What works: team participation
My first job out of university was with a small product development and manufacturing company. The company developed their own embedded products for sale all over the world. I do not know how this collection of technicians and engineers ended up as a tight or as close when it came to work. The group was a collection of characters. The other electrical engineer, we will call Flicky (we had secret names for each of the team members). There was one technician we referred to occasionally as IR because of the unfortunate anagram is name made. There was a mechanical designer we referred to as BWI, I will explain that later. There was another assembler / technician we referred to as Wal.
Games with the Team
When it came to the electrical or embedded product idea generation and development, I can recall a game we played. We would read the specifications together, asking questions where we could of the sales and marketing people. We would then go to our respective work areas and work the design as a challenge. It was not a cut throat competition but a friendly one.
This part was largely but not exclusively between Flicky (still friends with him today actually) and me. The first one with the core design sketched out what they thought would work, would go find the other to see if the design withstood critique as a good start. It was not just not to be the first, the design had to withstand a review substantiated by mathematical and logical scrutiny.
The person presenting the concept would walk through the proposed or potential design solution with the other team members or at least the other engineer. This was sort of like an early design review and accept alteration to improve the design. If the proposed solution stood up to this scrutiny it would be further elaborated, tested and critique. If this did not bear productive fruit, the learning from the design would be carried forward and a return to the drawing board.
There were plenty of other such impromptu exchanges as the product materialized, a continuous review of the design and the design objectives. The top-level requirements and design expectation were all foremost in the work.
These reviews and design proposals were subject to review and critique, an earnest and vigorous critique across the discipline. This is a good place to introduce you to BWI, or in the long hand “better way incorporated”. This mechanical guy would review our work and invariable he had was to improve the design, even if this way of introducing this fact to us seemed a bit abrasive. This would have been annoying if he in fact did not have a better way.
IR was a patient and persistent technician. When we were at our wits end building prototypes or first production parts, he would delicately perform the last steps in the assembly process, taking the early part from me just before I was ready to the throw the product across the room. He would custom size the interconnecting wires, deliberately and delicately tucking the wires out of the way so the product could be closed for our testing in the lab. At this point the product had been tested in development environment but not at all in the real environment simulating the interaction with the operator or even in the setting the product will be subjected, the scenarios in which the product can and will be used and that is where Luke came into the picture.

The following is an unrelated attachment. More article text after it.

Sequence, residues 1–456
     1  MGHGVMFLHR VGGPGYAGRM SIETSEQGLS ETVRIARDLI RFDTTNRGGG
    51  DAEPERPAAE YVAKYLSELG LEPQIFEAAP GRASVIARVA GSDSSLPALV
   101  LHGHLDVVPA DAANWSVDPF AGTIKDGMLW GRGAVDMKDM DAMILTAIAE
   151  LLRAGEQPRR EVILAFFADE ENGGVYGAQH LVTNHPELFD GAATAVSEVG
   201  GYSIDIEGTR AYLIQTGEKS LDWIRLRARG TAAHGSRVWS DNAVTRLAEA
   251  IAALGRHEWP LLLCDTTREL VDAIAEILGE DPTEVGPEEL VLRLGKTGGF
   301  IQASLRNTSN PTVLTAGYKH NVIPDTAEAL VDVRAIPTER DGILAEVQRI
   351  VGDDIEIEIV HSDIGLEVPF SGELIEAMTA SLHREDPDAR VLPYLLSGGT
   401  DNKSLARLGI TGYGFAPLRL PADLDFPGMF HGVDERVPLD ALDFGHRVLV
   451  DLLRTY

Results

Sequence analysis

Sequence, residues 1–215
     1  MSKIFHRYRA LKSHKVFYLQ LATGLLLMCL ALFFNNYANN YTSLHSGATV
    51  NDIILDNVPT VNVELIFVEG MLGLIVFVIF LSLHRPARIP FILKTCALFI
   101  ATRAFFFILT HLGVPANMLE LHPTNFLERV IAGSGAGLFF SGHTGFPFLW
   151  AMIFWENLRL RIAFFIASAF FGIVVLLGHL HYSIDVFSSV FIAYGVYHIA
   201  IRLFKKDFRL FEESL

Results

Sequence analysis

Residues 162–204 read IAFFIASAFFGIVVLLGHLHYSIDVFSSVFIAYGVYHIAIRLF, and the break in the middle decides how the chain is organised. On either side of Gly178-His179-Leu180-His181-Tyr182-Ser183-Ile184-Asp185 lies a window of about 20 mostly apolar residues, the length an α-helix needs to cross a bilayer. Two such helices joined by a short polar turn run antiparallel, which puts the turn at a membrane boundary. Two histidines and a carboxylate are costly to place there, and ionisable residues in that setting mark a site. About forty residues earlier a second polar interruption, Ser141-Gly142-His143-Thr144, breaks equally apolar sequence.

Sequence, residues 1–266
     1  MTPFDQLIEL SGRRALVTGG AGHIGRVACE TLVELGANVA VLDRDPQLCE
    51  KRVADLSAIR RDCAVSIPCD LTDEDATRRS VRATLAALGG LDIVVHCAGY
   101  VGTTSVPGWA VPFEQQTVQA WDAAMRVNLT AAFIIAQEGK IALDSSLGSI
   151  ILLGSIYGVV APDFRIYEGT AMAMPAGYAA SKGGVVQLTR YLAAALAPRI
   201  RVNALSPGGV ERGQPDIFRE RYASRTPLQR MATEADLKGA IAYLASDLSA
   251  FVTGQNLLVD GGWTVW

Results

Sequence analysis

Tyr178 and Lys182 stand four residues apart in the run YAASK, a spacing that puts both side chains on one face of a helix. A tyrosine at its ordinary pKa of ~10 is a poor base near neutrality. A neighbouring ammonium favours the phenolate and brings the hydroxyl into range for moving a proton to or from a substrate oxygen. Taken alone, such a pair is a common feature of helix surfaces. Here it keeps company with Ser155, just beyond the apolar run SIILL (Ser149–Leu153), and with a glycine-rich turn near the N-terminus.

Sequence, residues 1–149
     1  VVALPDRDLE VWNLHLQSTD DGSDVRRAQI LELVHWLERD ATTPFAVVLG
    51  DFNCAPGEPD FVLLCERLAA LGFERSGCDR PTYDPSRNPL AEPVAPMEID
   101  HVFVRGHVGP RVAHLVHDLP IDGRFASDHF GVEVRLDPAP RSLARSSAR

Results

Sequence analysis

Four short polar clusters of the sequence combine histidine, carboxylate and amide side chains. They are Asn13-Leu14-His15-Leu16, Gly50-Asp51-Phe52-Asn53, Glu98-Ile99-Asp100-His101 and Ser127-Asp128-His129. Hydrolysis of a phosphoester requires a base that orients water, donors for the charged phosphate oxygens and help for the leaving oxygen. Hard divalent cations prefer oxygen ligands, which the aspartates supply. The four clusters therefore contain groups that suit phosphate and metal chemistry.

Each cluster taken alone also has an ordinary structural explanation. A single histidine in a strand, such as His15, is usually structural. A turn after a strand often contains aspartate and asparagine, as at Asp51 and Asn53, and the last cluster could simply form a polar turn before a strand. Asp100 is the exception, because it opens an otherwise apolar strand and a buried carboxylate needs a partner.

Wal would take the product into the product lab which was configurable to a small scale of the customer’s manufacturing line. The range of equipment available was comparable to that of the various customer equipment, but not at the volume of the customer’s production line. Without fail, he would come back to the engineering area, with some odd scenario that could happen in the field that would evoke a strange and unacceptable or unpredictable outcome. He would bring this to the engineering office and we would seek out why this happened and adjust either the hardware or software.
Note the layout of the facility, the engineering office was connected to the manufacturing floor, the prototype area is really part of the manufacturing floor, there was no wall around this area, but a small area reserved largely for the prototype part assembly. The manufacturing floor could be noisy. However, the benefits of being in so close to the manufacturing line ensured the design and even prototype development could be (and was) influenced by the manufacturing of the product. Similarly, the test lab was in similar proximity to the engineering office, when failures or non-conformance were discovered, it was quickly brought to the engineers, and we would walk to the lab with the test personnel (Wal).
There were few functional areas, that manufacturing and engineering, but neither of these held these functional areas tightly, that is the lines were blurred between these two areas where communications and work was easily and readily apportioned as the development demands or manufacturing dictated.
This group of strong personalities with respective areas of competence, nothing was taken personally, and we considered input from each person, even when that feedback or information was delivered in less than an optimum way. We worked hard, and we played hard, that unique names for each other was part of that playing, along with the friendly competition aspects of the development work.